My sister, D., and I have a long-standing joke between us, knocked off from both “The Simpsons” and popular culture at large; whenever something happens in life that baffles us completely, we tend to say “Who put who in the what now?” Lately, cooking at my house has been a little bit like that phrase — slightly baffling, slightly tongue-in-cheek, and comprised of throwing together ingredients that may not have seemed like they’d be good friends when they were just hanging out in the fridge or pantry, but end up being great combinations.
What can I say? I get bored. I like to make things different ways and try different flavor combinations; plus, with kids who are at the ages and stages of my two, there’s an ongoing quest to make every food more appealing to them without dumbing it down and killing the whole experience of the meal for J. and me. This week I’ve sort of been on a roll with the kitchen creativity, and almost all the experiments have been pretty successful, I don’t mind saying — so, at the request of many friends and acquaintances, I’m dedicating today on the blog to a recipe sharing-palooza. (You’re welcome.)
First up: Breakfast. I’ve realized suddenly that L.’s general lack of enthusiasm about breakfast is kind of an inherited trait; I myself can easily get bored with breakfast and, in the morning blur, often find that I don’t feel mentally acute enough to bother with trying to rustle up anything exciting enough to appeal to me. Don’t get me wrong — I do make myself eat something in the mornings — but I hate the feeling of choking down a piece of toast I don’t really want just so I can say I ate. However, this morning I made something that really did excite me, and as an added bonus, thrilled P. as well: The Peanut Butter and Jelly Smoothie. L., an avowed smoothie hater, was almost tempted enough to try it — it turned out such an amazing shade of pink, and was so sweet and creamy, that even he had a hard time resisting it. (Next time I’ll pour the stuff into popsicle molds and freeze it; I bet he’d try it that way!)
Second on the list: Cracker-crusted cauliflower. Over the weekend, J. pointed out that we were in possession of a container of Ritz cracker crumbs — not usually something that would be in our pantry, but which I’d bought on a whim from our fishmonger when I was short on breadcrumbs one day and needed a quick substitution. “You should figure out some way to use these,” he said, and went on his merry way. Later, as I tried to think of a way to make cauliflower more enticing for the kids (whose relative acceptance of vegetables has NEVER extended to the humble cauliflower, for some reason), my eyes fell once more on the cracker crumbs. Now, the guys in my house are not big fans of cheese sauce, but cheese is the magical flavor pairing for cauliflower…and for crackers. A-ha! We ended up with a big casserole dish of crispy, cheesy, delicious vegetables that everybody enjoyed. “If you made cauliflower like this,” J. said, “we could eat it every week.” High praise, considering J.’s enthusiasm for cauliflower ranks somewhere in the same range as his enthusiasm for shoveling the mounds of snow off our front walk.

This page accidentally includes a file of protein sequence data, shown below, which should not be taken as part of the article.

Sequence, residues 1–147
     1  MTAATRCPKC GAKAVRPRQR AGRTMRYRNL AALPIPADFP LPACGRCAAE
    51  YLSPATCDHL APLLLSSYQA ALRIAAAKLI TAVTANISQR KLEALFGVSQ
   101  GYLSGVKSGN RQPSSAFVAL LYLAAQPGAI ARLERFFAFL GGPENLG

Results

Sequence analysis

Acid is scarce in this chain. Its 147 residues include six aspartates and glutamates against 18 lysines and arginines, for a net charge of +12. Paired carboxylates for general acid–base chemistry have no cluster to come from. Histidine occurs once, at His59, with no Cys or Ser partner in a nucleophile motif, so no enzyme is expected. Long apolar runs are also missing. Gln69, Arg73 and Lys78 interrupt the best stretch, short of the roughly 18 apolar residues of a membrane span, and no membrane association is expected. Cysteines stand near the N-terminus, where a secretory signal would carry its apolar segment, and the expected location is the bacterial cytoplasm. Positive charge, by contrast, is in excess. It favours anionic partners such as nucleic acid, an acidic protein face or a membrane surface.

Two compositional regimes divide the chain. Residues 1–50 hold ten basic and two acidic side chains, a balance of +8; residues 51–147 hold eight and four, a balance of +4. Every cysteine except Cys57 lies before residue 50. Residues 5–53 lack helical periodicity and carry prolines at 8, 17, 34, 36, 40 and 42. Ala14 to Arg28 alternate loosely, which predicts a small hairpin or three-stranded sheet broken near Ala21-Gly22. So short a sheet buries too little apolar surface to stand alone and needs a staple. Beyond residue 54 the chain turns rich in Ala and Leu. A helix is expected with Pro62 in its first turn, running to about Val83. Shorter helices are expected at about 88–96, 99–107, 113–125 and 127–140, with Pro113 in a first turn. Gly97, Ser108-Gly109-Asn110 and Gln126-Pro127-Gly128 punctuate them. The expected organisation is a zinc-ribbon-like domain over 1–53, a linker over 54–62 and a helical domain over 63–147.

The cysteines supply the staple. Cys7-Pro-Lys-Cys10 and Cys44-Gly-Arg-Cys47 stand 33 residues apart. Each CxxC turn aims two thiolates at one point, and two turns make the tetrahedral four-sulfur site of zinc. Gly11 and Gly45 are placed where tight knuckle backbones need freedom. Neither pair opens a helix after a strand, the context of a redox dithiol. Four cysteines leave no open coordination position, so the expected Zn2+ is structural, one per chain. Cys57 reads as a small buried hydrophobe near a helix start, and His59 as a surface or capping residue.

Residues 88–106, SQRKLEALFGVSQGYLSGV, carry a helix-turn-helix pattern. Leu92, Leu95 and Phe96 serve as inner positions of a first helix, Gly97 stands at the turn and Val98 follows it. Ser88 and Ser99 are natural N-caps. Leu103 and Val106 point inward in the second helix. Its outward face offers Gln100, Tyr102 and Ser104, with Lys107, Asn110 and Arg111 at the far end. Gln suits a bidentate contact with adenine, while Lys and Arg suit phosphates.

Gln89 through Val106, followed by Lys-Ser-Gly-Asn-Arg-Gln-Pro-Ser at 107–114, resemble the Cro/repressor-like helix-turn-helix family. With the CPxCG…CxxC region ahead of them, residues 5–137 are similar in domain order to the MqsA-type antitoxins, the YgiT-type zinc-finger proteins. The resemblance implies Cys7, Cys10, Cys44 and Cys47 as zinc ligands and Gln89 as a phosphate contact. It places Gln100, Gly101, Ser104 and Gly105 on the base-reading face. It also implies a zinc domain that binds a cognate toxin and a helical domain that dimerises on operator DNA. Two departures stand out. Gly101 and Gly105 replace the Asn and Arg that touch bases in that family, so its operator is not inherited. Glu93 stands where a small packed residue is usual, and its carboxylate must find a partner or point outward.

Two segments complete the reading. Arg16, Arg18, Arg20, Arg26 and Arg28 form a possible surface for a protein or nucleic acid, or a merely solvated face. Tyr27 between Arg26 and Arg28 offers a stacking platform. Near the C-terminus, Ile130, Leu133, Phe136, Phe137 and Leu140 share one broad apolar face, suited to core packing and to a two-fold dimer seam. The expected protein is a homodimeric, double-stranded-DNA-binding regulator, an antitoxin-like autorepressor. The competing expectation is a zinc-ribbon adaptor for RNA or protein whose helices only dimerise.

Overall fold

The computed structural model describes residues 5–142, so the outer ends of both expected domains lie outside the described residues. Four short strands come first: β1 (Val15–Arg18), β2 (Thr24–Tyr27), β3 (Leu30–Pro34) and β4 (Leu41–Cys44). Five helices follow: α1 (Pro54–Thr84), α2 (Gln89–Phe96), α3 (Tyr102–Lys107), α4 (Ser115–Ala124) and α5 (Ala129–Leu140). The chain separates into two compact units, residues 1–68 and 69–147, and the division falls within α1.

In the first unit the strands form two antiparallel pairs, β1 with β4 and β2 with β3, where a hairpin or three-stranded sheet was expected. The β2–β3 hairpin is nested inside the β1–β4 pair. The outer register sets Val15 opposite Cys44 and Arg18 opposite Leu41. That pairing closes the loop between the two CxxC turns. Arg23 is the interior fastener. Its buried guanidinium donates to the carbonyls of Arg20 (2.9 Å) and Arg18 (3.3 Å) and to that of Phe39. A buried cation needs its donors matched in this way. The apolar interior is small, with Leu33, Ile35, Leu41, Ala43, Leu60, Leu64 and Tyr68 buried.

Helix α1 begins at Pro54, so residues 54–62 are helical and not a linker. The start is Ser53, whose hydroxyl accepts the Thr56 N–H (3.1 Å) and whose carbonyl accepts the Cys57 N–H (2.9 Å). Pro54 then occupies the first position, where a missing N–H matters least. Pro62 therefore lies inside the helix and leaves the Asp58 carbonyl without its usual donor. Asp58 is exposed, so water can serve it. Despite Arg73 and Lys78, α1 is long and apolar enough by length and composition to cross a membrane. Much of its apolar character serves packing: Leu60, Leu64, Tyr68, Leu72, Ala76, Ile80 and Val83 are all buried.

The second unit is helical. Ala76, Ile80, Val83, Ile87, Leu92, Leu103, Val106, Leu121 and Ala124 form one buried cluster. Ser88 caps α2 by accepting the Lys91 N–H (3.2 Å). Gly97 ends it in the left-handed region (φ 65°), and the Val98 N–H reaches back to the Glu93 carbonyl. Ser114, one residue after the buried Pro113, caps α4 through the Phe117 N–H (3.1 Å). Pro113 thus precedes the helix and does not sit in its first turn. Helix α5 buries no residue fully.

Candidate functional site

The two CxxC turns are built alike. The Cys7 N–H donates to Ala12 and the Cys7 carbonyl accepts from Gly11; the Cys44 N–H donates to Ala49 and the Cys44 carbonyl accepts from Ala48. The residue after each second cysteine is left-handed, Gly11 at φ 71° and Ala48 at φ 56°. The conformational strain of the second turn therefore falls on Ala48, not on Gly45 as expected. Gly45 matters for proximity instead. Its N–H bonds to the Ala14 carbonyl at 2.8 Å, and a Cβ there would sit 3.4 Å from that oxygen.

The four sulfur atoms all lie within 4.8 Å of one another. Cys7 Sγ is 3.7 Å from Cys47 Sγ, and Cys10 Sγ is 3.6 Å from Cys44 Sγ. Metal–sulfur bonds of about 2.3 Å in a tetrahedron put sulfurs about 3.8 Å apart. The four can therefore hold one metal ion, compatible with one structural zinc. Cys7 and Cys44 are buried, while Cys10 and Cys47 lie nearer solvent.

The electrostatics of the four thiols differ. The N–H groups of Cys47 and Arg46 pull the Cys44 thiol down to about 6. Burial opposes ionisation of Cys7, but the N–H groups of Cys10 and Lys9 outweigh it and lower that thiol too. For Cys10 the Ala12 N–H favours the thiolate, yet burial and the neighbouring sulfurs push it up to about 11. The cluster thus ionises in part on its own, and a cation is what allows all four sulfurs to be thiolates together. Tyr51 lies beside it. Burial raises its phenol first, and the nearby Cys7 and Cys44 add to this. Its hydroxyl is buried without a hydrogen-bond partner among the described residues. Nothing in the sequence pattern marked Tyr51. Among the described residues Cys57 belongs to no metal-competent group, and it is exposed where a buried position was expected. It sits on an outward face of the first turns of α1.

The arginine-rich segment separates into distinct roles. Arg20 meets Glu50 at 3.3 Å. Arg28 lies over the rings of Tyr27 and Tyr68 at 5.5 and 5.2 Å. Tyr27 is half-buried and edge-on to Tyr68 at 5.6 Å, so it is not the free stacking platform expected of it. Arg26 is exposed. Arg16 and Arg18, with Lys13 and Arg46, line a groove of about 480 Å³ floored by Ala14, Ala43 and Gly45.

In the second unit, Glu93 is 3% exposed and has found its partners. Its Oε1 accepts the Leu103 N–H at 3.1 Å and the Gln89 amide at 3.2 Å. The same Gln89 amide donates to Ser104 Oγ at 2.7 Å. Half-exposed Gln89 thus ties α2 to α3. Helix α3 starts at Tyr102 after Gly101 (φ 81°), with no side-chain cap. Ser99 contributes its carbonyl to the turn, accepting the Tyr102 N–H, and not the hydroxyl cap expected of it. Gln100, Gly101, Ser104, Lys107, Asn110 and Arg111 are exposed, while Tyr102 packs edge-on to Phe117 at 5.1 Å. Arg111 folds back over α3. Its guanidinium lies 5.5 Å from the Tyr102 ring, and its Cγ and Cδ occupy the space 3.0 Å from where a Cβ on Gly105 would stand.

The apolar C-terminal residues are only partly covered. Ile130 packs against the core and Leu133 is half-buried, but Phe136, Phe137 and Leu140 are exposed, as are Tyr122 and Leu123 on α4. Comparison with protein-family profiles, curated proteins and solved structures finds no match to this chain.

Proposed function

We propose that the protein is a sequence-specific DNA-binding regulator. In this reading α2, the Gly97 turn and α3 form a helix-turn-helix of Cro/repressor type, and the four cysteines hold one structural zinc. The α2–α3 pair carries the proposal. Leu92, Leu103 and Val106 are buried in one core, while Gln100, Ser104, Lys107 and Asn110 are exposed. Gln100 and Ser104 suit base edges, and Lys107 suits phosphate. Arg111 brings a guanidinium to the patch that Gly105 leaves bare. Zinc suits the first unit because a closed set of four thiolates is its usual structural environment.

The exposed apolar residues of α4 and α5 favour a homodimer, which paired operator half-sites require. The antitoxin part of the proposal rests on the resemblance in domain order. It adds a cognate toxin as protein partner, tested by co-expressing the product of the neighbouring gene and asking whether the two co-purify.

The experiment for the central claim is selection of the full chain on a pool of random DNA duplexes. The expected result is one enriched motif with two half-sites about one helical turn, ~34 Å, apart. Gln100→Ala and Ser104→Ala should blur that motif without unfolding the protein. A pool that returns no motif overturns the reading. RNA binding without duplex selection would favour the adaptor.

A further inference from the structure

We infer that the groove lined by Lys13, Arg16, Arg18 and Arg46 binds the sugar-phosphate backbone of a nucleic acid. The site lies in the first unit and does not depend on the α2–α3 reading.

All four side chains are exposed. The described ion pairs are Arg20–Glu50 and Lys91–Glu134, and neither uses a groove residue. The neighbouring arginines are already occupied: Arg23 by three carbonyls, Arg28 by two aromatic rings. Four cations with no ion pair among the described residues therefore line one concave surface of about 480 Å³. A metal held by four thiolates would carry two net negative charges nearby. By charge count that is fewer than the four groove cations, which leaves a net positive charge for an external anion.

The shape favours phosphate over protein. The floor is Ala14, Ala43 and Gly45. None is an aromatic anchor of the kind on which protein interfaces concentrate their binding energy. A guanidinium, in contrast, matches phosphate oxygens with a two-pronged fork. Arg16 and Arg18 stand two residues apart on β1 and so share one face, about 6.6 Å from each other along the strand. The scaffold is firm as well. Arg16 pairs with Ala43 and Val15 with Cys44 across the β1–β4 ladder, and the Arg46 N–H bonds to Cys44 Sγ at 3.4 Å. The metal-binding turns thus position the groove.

And finally: the Lentil Stew my son actually wanted to take to school. No, really. L. brought lentil stew for lunch today and was completely happy about it. This one is extra-fabulous because it’s made in the slow cooker; and a little offbeat, because I used kielbasa in the stew for flavor and body. If you’re not a fan of kielbasa, you could use any kind of sausage — even a turkey or chicken sausage would probably do just fine — but we found a high-quality, not-too-heinous brand that we were comfortable using, and its smoky flavor really added something to the dish. With crusty bread and salad, this is a cheap, filling, and ridiculously delicious dinner.
So there you have it, folks — three new recipes, from the files of “let me put this in with that and see what happens.” Peanut butter in a smoothie: good. Crackers on cauliflower: good. Kielbasa with lentils: good. Real, homemade comfort foods that are easy and inexpensive: outstanding. Tomorrow, we’ll talk a little bit about accountability or food news or some other deep subject, but for today, I just felt like sharing. You all deserve it.